Amare remains hush-hush about Lin

Knicks management hasn't commented yet on the reasons behind letting Jeremy Lin becoming a Rocket -- and neither are the players themselves.

On Monday afternoon at Citigroup Barnes & Noble in New York City for a signing of his debut children's book "STAT: Home Court," Amare Stoudemire was the latest Knick to act like Lin was a blip on the team's radar.

"I was too focused on training," was all STAT initially said when asked about Lin's leaving.

After a follow-up question, Stoudemire was only concerned with the current Knicks.

"I caught the fact that he went to Houston," he said, "but we made some great acquisitions ourselves to better our team, and we feel great about the team we have."

Stoudemire's mindset has also been on new point guard Raymond Felton, who re-joined the Knicks in mid-July after playing about a half a season with the team in 2010-11.

"Raymond's going to be awesome," STAT said. "He's going to be great for us, man. He's a player that wants to improve. He always talks about getting better."

They had a chance to catch up in Las Vegas last month during NBA summer league, and they've continued their conversations about how to return to their pick-and-roll days. That's when they both played at an All-Star level, with Stoudemire averaging 25.3 points and Felton dishing out a career-high 9.0 assists per game (although only Stoudemire played on the East squad in Los Angeles).

"We had great chemistry," STAT said. "We chatted every day in practice and shootarounds, and we worked on how to execute the pick-and-roll. We talked about things that I look for off the pick-and-roll and what he looks for within the game. We built the chemistry and got it going."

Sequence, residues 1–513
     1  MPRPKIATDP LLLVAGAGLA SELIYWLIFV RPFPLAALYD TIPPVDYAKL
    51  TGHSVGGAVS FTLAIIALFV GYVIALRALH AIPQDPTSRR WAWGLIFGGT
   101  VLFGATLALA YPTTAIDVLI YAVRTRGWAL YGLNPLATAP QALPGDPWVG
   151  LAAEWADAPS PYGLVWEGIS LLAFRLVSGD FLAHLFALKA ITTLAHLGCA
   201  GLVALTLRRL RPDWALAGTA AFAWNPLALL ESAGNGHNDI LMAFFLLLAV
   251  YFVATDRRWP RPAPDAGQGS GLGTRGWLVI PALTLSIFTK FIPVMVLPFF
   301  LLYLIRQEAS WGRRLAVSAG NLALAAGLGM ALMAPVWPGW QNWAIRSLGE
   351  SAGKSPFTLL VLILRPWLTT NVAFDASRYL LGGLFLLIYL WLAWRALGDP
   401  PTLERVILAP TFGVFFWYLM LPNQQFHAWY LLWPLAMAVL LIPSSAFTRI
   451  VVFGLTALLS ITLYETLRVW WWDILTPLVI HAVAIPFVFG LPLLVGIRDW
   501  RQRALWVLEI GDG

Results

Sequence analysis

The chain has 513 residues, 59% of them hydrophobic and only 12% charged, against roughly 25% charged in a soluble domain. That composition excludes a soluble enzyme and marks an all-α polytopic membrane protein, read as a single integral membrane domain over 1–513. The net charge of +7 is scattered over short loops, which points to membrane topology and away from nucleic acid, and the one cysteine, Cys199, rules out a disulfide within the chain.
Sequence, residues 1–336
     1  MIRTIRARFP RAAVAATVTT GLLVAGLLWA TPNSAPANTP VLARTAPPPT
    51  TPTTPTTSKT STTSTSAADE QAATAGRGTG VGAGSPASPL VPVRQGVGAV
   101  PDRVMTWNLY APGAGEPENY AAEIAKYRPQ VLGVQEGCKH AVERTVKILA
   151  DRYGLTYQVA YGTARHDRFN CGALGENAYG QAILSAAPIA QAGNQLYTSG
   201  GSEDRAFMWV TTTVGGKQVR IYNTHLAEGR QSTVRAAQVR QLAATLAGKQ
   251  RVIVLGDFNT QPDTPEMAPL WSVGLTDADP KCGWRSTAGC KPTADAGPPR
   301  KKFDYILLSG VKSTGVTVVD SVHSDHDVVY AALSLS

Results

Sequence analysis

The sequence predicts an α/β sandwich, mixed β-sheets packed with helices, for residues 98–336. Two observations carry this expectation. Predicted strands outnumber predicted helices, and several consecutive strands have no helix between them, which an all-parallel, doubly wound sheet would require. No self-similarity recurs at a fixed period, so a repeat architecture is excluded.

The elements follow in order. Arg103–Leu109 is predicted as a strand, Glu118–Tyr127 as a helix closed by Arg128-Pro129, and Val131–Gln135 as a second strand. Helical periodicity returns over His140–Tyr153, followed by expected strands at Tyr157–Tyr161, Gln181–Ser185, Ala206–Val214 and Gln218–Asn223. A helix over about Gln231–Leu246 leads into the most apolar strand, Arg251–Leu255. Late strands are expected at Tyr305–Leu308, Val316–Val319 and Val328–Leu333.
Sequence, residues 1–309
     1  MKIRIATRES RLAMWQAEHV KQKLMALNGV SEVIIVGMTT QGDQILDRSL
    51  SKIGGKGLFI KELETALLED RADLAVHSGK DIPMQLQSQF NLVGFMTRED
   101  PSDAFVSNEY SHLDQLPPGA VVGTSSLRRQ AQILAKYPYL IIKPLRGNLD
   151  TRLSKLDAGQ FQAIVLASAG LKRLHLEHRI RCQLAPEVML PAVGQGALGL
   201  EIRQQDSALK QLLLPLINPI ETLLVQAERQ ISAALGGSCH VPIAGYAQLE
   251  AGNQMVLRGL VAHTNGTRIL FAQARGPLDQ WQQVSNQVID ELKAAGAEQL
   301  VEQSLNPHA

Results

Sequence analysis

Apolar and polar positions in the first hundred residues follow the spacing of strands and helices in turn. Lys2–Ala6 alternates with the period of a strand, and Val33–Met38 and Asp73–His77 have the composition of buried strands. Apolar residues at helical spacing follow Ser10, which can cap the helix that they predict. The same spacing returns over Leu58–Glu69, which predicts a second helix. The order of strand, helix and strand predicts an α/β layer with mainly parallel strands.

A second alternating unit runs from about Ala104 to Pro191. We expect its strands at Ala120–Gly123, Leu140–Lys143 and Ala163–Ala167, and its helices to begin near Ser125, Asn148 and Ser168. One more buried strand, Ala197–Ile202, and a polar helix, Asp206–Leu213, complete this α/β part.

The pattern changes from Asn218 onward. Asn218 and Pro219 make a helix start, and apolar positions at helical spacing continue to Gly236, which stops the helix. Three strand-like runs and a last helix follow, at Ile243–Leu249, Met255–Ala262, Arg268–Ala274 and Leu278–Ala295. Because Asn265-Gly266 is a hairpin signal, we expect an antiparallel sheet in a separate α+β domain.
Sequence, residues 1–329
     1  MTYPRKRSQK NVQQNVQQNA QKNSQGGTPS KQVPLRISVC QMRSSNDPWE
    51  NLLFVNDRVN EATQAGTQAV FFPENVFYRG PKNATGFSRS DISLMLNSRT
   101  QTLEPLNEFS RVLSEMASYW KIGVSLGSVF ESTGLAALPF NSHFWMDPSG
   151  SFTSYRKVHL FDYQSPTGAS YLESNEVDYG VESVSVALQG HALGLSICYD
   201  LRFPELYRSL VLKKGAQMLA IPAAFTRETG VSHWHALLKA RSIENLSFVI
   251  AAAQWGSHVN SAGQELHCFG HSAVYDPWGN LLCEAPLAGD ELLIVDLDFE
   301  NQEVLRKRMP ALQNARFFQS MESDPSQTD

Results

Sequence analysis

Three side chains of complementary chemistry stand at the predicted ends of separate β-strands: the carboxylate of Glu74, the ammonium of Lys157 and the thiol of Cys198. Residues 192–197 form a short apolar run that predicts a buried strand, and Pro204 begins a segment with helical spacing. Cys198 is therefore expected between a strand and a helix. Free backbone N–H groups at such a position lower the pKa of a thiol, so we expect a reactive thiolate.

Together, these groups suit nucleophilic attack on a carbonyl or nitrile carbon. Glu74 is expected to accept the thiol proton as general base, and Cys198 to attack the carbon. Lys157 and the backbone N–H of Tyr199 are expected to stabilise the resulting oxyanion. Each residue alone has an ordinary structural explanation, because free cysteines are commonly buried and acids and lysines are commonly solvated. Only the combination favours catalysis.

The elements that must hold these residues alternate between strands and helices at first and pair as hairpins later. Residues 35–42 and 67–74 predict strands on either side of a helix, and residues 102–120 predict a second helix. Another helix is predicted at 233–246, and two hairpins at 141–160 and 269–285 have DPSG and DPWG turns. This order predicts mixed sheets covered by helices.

Stoudemire said that while he developed new post-up moves from Hakeem Olajuwon, fans shouldn't expect much of a change from two years ago playing with Felton. This time, they'll be alongside Carmelo Anthony and solid offensive and defensive role players that should make the Knicks one of the deepest teams in the league.

"[Raymond and I] are going to continue to build that chemistry for the full training camp, and we're going to be ready to go," STAT said. "We're still going to have pick-and-rolls. Pick-and-rolls are the No. 1 play in the NBA. That's still going to be a factor for us."

Interestingly, Felton and Stoudemire both had conditioning issues coming into training camp last year. Felton admitted he was out of shape with the Trail Blazers, and later during the season, Stoudemire said the lockout uncertainty didn't give him the proper time to develop consistency in the gym.

This offseason, both of them have been putting in the work -- Felton starting his training earlier, and Stoudemire not missing a day of two-a-days, mixed in with Olajuwon skills sessions. With the Knicks in win-now mode, that's the way it has to be.

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